More Nepalis are delivering babies at home due to fear of Covid-19Health officials are worried that this might increase deaths among mothers and their newborns.
More Nepalis are delivering their babies at home due to the fear of getting infected with Covid-19 and unavailability of public transport due to the lockdown, officials said.
As the number of coronavirus cases surges across the country, expecting mothers are facing hurdles to visit their doctors regularly during pregnancy, and this has resulted in deaths of mothers as well as newborns, say doctors. While the number of women delivering babies in hospitals and clinics has gone down by 40 percent compared to the pre-lockdown days, at least 39 women and 291 babies have died due to birth complications in the last 80 days of the lockdown, according to the Safe Motherhood Unit under the Department of Health Services
"Due to the fear of getting infected with the virus, women are avoiding institutional delivery and antenatal visits these days,” said Dr Punya Poudel, chief of the unit. "Delays in reaching health facilities and antenatal visits to the doctor due to the unavailability of public transportation are also reasons why mothers and their children are dying,"he said.
A majority of the 39 maternal deaths recorded in the first 80 days of the lockdown took place at hospitals or clinics. Poudel, said that the numbers mean that family members are taking women in labour pain to health centres only when the pain becomes unbearable after they fail to deliver the baby at home.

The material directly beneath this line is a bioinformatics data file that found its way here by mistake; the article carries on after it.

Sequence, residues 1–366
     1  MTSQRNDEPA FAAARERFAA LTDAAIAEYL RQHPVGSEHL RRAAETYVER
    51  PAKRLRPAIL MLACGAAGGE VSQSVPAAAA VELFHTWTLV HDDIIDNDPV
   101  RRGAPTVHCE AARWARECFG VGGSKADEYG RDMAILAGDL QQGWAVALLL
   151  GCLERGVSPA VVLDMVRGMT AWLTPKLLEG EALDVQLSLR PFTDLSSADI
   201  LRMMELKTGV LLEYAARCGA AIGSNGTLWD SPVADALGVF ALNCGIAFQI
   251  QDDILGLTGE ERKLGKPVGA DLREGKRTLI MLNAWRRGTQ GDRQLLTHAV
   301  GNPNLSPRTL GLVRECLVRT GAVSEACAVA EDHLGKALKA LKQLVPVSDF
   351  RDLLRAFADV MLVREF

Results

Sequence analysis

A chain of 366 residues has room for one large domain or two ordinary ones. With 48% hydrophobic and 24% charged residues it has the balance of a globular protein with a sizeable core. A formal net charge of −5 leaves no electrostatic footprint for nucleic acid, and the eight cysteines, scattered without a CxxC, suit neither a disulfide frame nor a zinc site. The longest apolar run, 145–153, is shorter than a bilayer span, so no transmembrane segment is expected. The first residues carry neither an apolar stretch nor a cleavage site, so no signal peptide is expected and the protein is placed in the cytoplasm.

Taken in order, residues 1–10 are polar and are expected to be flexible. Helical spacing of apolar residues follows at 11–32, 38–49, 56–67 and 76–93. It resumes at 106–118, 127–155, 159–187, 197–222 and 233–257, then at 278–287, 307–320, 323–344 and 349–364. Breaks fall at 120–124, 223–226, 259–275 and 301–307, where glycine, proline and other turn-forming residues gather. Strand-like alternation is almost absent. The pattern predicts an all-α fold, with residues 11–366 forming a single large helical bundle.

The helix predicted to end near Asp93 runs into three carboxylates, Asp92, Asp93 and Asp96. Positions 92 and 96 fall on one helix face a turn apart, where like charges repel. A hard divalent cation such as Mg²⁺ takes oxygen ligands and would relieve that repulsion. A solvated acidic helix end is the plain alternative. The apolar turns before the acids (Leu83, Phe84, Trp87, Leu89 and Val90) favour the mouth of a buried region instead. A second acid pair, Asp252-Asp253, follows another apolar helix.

In addition to the unavailability of public transport, numerous health facilities have also stopped providing services due to fears of Covid-19 transmission.
"Due to the rapid surge in home deliveries, more women and newborns are dying," said Poudel.
Nepal has already missed its 2020 target to reduce maternal mortality to 125 per 100,000 live births from the current 239 per 100,000 live births. Meeting the target looks more difficult with institutional delivery rates, already low at around 59 percent, declining further due to Covid-19 epidemic.
The government, meanwhile, has done very little to facilitate institutional deliveries during the lockdown. It has now started providing misoprostol tablets to all pregnant women throughout the country to prevent maternal deaths from postpartum hemorrhage, the leading cause of death for new mothers in the country.
Earlier the Ministry of Health and Population used to distribute misoprostol only in remote districts, where maternal deaths were high and it took hours to reach health facilities
Om Khanal, an official at the Family Health Division, said that three tablets of misoprostol will be administered to all pregnant women during their eighth month antenatal visit. “If a woman misses antenatal check-up, female community health volunteers will visit them and provide them with the life saving medicine.”
"We have already started training health workers on the use of misoprostol and its importance in saving lives from hemorrhage," said Khanal."We hope that easy access to misoprostol will help to reduce maternal deaths."
Female community health volunteers will also provide chlorhexidine gel along with misoprostol to be applied in the umbilical stump of the newborn babies to prevent infections.